St. German, Christopher

, an English lawyer and law-writer of the sixteenth century, is supposed to have been born at Skilton, near Coventry, in Warwickshire, and educated for some time at Oxford, whence he removed to the Inner Temple for the study of the law. After being admitted to the bar, he became an eminent counsellor, and we should suppose a very popular one, as he frequently refused or returned his fees. What he got by honourable practice and some paternal estate, he expended in the purchase of books, and gathered a very fine library, which was all the property he left to his heirs. Besides his legal knowledge, he was conversant in philosophy and the divinity of the times, and wrote on the latter subject with so much freedom as to render his sentiments suspected, for which reason Bale has given him a very advantageous character. He is commended too for his piety, and pious ordering of his family, to whom he read every night a chapter in the Bible, and expounded it. He died Sept. 28, 1540, and not 1539, as Bale states. He was buried in the church of St. Alphage, within CrL’pp legate, London. It appears by his will that he was a considerable benefactor to Skiiton church, where his father sir Henry St. German, knt. and his mother lie buried, and to that of Laleford. St. German has immortalized his name by his valuable and well-known work, which bears the title of “The Doctor and Student, or Dialogues between a doctor of divinity, and a student in the laws of England, | concerning the grounds of those laws,” first printed by Rastell, in Latin, 1523, 12mo, and reprinted in 1528. Mr. Bridgman enumerates above twenty editions which followed, the last in 1787, 8vo, with questions and cases concerning the equity of the law, corrected and improved by William Muchall, or Murchall. On the subject of this celebrated work, Mr. Hargrave (in his Law Tracts, 32 I), has published from a ms. in the Cotton library, “A Replication of a Serjaunte at the Laws of England, to certayne pointes alleaged by a student of the said lawes of England, in a Dialogue in Englishe, between a doctor of divinity and the said student;” and a little “Treatise concerning writs of Subpoena.” Two other tracts are attributed by Ames to St. German, though they bear the name of Thomas Godfrey, viz. “A Treatise concerning the power of the Clergy and of the lawes of the Realme,” 12mo, no date and “A Treatise concernynge divers of the Constitucyons provyncyall and legantines,” 12mo, no date. Tanner attributes to him “A Treatise concerning the division between the Spiritualitie and the Temporaltie,” printed by Redman without date; and this seems to be the same work as “The Pacyfyer of the division between the Spiritualitie aod Temporaltie,” printed by Berthelet, which being remarkable for impartiality and temperate language, was pointed out to sir Thomas More, as an example for him to follow in his controversial writings. This incited sir Thomas to publish “An Apologye made by him, anno 1533, after he had gevhi over th' office of lord chancellor of Englande,” printed by Rastell, 1533, 12mo. St. German was also probably the author of “Newe addicions treating most specially of the power of the Parlyament concernynge the Spiritualitie and the Spiritual Jurisdiction,1531, 12mo, now reprinted in all the modern editions of the “Doctor and Student.” He had a controversy with sir Thomas More, which produced “Salem and Bizance, being a dialogue between two Englishmen, one called Salem, and the other Bizance,1533, 8vo. This was written in answer to More’s “Apologye” above mentioned and sir Thomas replied in the “Debellation of Salem and Bizance,” by Rastell, in 1533, 8vo. 1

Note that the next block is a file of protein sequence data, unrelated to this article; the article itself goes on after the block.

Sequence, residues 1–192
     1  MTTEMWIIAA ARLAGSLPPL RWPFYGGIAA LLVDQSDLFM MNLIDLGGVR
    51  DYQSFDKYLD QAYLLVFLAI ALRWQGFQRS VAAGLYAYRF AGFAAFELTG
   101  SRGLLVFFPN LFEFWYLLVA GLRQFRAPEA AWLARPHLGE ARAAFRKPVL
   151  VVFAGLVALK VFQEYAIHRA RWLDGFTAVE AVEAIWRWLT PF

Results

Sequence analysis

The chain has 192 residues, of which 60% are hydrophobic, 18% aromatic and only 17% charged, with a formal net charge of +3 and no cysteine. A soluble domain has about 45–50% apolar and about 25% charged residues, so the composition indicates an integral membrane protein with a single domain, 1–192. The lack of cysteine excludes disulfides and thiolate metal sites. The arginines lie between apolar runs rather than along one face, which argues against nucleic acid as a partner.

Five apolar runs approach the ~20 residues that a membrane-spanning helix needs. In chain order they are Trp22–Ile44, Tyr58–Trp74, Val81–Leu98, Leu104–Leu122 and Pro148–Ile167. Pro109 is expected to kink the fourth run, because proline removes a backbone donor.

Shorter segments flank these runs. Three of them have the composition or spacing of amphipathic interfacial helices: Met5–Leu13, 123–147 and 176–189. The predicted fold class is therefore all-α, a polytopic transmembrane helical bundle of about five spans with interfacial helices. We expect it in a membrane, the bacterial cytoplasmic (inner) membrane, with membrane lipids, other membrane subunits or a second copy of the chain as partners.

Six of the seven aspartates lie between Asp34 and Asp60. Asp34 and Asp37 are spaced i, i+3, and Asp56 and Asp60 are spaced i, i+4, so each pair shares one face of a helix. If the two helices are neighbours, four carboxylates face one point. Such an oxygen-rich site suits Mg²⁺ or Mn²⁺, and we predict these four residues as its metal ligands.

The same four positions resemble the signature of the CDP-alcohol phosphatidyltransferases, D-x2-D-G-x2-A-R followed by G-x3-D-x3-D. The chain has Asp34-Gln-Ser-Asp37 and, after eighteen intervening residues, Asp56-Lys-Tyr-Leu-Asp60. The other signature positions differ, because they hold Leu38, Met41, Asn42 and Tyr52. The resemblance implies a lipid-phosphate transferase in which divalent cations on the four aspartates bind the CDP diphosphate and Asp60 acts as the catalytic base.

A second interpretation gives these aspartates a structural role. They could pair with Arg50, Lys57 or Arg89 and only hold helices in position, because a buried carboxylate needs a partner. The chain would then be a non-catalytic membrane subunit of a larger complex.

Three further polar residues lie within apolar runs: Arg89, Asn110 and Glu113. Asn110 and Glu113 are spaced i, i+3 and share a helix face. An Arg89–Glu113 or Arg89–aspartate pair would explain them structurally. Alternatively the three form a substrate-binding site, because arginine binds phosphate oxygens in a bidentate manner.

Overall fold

Tanner. Bale. —Ath. Ox. vol. I. BiHjman’s Legal Bibliography.